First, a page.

Here is an article from Accountants Daily, with regards to the Chartered Accountants Aust & NZ (CAANZ), professional program (PY program), which is going through big changes. Changes with regards to those that can undertake the PY program and the use of the digital technology to provide examinations. The aim is to increase memberships and thus drive into the growing Asian education market, which CPA Australia has been making large amounts of revenue from.
So how will CPA Australia respond?
Is doing the CPA program really worth it now, given CAANZ has relaxed entrance requirements for those that want to undertake the PY program?
CPA Australia is also making changes to its CPA program, with the use of the digital access and examination.
Will this drive for revenue growth, result in reduced quality accounting education?
https://www.accountantsdaily.com.au/pro ... am-changes
Revealed: Inside CA ANZ massive CPD, CA Program changes
Chartered Accountants Australia and New Zealand is going through sweeping changes to its CPD offerings and its popular and lucrative CA Program, and spoke to Accountants Daily about what’s changed and what is to come in 2019.
Triggered by CEO Rick Ellis’ strategic review of CA ANZ after he took office in 2017, the association’s is progressing a major overhaul of the CA Program.
The program’s currency and longevity are key motivators for CA ANZ, and several changes from entry through to graduation will be phased in by June 2020. This follows board approval in mid-2018, and a tentative design completion date of May this year.
A key selling point of the CA Program is that it promises to make graduates more attractive to prospective employers. Players like the big four accounting firms are increasingly accepting non-degree qualified candidates, and similar pathways are not out of the question for the CA Program.
“Employers are looking for a broader base from which to draw candidates where students come from,” Simon Hann, group executive for education and learning at CA ANZ told Accountants Daily.
“It’s not on the immediate agenda for us, we still very much require university education… but I wonder in the future, as people question the value of university degrees, whether we are going to have to consider other ways to bring people into the program,” he said.
“It’s a consideration, and it’s contentious from an education perspective,” he said.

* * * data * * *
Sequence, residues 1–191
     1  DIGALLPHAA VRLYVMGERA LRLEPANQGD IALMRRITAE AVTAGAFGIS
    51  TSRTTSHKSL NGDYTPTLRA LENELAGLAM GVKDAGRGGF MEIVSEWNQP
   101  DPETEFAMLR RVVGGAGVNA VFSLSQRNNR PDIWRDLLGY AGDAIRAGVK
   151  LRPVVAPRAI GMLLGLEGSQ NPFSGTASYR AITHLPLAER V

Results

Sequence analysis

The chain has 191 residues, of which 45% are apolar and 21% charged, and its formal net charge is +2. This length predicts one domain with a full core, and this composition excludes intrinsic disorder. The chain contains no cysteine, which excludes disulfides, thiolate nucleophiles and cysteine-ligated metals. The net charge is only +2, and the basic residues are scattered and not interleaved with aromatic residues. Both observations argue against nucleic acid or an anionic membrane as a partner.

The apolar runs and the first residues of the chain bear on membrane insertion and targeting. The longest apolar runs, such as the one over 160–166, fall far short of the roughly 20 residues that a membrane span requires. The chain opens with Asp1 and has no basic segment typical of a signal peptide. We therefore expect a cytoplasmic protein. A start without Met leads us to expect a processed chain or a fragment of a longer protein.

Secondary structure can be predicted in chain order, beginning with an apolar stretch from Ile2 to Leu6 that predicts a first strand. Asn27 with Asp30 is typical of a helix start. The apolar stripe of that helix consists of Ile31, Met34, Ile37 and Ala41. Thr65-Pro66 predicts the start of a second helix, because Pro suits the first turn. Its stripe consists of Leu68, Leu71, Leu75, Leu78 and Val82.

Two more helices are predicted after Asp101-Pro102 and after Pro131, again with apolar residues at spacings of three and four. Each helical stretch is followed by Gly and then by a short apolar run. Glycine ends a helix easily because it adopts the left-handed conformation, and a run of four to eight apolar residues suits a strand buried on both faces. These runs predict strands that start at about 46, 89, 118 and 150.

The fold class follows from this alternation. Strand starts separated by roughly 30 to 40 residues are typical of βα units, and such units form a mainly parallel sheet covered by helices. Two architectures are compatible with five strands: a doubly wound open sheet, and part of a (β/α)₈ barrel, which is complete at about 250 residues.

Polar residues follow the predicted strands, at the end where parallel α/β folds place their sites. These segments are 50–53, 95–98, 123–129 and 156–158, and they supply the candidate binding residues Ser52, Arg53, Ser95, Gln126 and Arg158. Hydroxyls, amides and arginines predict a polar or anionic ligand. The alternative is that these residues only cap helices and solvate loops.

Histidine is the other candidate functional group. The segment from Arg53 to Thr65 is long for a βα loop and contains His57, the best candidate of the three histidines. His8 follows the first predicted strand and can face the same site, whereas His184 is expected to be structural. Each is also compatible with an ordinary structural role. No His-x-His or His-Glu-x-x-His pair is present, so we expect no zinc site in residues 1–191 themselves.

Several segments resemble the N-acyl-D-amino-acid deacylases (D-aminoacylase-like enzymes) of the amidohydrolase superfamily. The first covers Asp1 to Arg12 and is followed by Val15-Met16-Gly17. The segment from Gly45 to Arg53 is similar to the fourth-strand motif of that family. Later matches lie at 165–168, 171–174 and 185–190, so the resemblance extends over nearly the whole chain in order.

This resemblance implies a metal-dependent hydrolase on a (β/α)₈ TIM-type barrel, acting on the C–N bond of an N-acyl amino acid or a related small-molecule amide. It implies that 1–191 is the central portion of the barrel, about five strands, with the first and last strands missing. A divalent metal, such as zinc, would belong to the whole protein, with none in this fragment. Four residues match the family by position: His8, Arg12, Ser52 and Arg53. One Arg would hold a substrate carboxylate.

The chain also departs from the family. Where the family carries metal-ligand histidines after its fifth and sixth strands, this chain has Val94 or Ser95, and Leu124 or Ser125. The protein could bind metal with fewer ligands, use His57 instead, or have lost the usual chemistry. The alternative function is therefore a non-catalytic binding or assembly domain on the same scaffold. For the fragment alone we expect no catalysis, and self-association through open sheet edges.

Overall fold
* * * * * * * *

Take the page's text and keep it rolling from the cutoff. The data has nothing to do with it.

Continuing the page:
Mr Hann stressed there is no intention for CA ANZ to lower the bar for entry and completion.
During a consultation phase for the program’s reformation, “overwhelming” feedback from past candidates was the program should not be made easier, and that it’s intensity and standard is part of its appeal.
“The plan is to modernise it, not to make it easier,” Mr Hann said.
Eyes on public practice
The CA Program’s curriculum is currently heavy on technical content. This will remain a focus, but other components of an accountant’s reality will also be introduced.
Most notably, CA ANZ is looking to up its focus on public practice, which has been the traditional domain of CPA Australia and the Institute of Public Accountants (IPA).
“We have a significant number of accountants that are in public practice. How we bring public sector content into the program, which is currently largely ignored, is a focus” he said.
“There’s no public sector focus in the program, that’s something that CPA Australia has done quite well,” he said.
Other learnings that will be introduced will be related to cyber security, working with technology, and softer skill sets for client interactions.
The CA Program already has a focus on soft skills and emotional intelligence, but CA ANZ is looking to assess progress and learning outcomes in a more meaningful way.
“The challenge with soft skills is how do you measure them?” Mr Hann said.
CA ANZ is looking to micro-credentials for more details assessments of students’ soft skills, which involve assessing tangible outcomes of a candidate’s personal and professional skills.
This is partly motivated by changing technologies and the significant role artificial intelligence is playing in automating compliance and technical functions, requiring accountants to rely more heavily on their soft skills to win, retain and best serve clients.
It also reflects employers' expectations for graduates to be agile, personable and dynamic in their approach to managing clients.
Active employment not compulsory
CA ANZ has traditionally required candidates to be in active employment when they undertake the program.
Practical experience is still a compulsory part of the CA Program, but candidates don’t need to be working and studying at the same time.